Macro Data

A mixed Week (Blow hot and Blow cold)

Macro data that came out over the week have been fairly mixed. While inflation came in higher than expected, the IIP growth came in lower than anticipated. The good news came from the trade front where the trade deficit for April was lowest in recent memory. Here is what the macro data broadly implies for the economy and markets…

Inflation disappoints on the upside

 The CPI inflation came in at 5.39% for the month of April, sharply higher than the 4.83% CPI number reported for the month of March. This sharp rise in inflation was largely driven by food inflation and fuel inflation. Within the food category, it was eggs that contributed to higher inflation even as pulses continued to be sticky at higher levels. The CPI number was much higher than the consensus estimate of 5.05%. The base effect was partially responsible but food and fuel were the real contributors. The real worry is that a sharp rise in inflation would force the RBI to go slow on rate cuts. Since this is the last CPI number announcement before the next monetary policy review on June 07th, the RBI may be inclined to postpone rate cuts to the next policy.

IIP fails to pick up momentum…

The bigger disappointment on the macro front was the IIP number at 0.1% for the month of March. This is sharply lower than the 2% IIP growth reported in February 2016. The sharp fall in IIP is all the more surprising because the core sector number for March has come in at a healthy 6.4%. This could have two key implications. Firstly, it could mean that the credit cost transmission that the RBI has been referring to, has not been working very effectively. This lack of transmission combined with higher inflation may induce the RBI to hold back on rate cuts in the June monetary policy review. In terms of specific sectors the capital goods sector has shown negative growth. This sector is a lead indicator of a revival in the capital cycle in the economy. Current numbers indicate that a revival may still be some time away.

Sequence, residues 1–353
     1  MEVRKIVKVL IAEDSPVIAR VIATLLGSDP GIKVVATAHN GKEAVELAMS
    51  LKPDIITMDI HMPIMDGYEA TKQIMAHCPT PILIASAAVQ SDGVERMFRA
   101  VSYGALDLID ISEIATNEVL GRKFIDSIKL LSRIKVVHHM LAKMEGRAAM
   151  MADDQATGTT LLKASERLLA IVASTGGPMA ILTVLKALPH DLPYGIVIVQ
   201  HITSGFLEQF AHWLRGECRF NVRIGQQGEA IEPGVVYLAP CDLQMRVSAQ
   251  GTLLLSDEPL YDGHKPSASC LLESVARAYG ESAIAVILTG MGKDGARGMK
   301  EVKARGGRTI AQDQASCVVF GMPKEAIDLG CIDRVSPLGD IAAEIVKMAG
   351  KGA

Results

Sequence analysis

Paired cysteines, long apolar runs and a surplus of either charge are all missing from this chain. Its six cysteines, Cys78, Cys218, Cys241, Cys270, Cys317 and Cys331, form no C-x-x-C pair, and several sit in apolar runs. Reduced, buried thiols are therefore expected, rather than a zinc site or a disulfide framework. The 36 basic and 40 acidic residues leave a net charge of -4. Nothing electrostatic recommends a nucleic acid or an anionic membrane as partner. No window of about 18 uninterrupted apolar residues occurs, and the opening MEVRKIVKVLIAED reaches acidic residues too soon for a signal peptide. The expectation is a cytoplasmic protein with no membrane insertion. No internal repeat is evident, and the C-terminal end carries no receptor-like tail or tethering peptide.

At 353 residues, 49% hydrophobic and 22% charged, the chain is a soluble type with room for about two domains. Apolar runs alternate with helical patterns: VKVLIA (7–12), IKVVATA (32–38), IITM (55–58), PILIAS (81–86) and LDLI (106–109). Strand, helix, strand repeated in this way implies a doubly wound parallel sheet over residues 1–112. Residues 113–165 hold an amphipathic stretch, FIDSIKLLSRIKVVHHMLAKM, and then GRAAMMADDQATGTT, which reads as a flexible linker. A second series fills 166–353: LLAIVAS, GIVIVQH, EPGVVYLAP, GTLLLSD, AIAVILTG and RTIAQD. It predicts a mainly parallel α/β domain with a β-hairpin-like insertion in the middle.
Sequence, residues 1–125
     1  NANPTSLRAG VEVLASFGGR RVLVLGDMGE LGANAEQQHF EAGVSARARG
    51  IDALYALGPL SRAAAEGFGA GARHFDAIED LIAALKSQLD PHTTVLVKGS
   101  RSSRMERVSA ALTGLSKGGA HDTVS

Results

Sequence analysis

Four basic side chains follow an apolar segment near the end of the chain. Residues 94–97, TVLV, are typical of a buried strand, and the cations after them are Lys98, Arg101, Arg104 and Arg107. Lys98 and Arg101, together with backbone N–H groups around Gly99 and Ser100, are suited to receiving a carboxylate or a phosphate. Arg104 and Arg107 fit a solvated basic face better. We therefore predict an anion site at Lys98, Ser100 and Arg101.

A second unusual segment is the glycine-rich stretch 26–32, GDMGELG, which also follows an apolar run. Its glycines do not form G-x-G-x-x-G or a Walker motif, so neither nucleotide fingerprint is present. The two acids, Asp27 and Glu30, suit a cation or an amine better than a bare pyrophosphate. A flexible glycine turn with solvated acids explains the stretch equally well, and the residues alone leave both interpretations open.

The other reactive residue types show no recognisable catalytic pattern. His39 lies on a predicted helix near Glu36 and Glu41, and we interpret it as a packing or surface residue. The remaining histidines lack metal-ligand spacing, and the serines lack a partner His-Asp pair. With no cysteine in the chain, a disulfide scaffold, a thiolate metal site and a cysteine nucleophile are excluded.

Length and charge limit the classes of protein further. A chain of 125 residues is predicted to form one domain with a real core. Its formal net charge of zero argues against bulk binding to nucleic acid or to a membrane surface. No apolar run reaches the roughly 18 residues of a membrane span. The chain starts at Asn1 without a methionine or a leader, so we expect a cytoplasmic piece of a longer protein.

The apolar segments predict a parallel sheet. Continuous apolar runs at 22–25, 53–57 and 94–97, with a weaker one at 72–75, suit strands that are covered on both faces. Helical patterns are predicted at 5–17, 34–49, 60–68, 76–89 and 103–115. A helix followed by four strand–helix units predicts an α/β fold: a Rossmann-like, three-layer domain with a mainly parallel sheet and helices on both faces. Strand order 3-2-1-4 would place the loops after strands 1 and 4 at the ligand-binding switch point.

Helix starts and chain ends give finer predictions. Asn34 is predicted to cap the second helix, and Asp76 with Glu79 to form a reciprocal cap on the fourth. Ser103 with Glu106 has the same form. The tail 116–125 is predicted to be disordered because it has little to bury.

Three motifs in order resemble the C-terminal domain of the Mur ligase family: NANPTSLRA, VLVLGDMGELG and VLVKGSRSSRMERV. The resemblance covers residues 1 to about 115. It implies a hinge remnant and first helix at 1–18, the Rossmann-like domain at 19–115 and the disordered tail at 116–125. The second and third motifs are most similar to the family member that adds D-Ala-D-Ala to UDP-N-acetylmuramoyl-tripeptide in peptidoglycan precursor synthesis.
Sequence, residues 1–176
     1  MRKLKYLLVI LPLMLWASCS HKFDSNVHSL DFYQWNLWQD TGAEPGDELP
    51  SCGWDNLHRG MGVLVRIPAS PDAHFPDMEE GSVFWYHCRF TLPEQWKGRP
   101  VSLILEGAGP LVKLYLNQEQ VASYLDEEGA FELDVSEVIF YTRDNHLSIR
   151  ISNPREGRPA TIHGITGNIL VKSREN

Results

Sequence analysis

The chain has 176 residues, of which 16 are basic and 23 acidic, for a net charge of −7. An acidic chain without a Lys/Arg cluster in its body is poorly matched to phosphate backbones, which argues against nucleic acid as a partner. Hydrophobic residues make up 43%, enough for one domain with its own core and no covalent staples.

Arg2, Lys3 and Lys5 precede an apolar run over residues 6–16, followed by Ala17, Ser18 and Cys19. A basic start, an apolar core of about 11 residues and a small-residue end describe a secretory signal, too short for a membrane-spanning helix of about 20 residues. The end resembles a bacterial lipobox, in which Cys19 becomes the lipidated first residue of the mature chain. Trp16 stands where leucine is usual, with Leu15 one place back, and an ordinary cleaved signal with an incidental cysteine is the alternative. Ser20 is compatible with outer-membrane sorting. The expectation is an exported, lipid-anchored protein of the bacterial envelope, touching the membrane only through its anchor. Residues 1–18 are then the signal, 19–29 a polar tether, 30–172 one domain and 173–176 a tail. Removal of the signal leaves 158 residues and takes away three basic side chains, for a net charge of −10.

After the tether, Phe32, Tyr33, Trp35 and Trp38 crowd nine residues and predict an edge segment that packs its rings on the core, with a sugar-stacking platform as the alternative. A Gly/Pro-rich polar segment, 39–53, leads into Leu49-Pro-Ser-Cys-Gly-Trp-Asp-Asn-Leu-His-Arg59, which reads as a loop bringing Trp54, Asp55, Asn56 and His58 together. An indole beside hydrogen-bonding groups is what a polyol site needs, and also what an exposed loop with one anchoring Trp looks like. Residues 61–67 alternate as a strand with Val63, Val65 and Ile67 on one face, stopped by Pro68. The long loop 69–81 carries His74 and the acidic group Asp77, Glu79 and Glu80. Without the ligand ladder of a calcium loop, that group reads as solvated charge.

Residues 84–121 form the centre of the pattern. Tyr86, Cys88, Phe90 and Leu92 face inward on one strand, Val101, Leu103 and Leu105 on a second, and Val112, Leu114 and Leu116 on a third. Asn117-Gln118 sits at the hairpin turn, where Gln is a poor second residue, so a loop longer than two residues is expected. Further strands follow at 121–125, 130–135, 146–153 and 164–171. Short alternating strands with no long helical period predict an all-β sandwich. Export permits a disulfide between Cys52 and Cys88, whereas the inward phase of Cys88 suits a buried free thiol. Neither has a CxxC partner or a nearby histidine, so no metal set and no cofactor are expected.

But, trade data surely flatters…

The good news came from the trade data front. At $4.84 billion, the trade deficit for April was the lowest in a very long time. On the imports front, the import of oil and gold have fallen sharply and that will enable the RBI to breathe a sigh of relief. But, more importantly, with the services trade generating a larger surplus, the current account may turn into a surplus.

For the INR and flows this will be a major positive. With forex reserves covering over 12 months of imports, the rupee is likely to be stable. A current account surplus will entice demand for INR denominated assets. That may be the really Acchhe Din! ©

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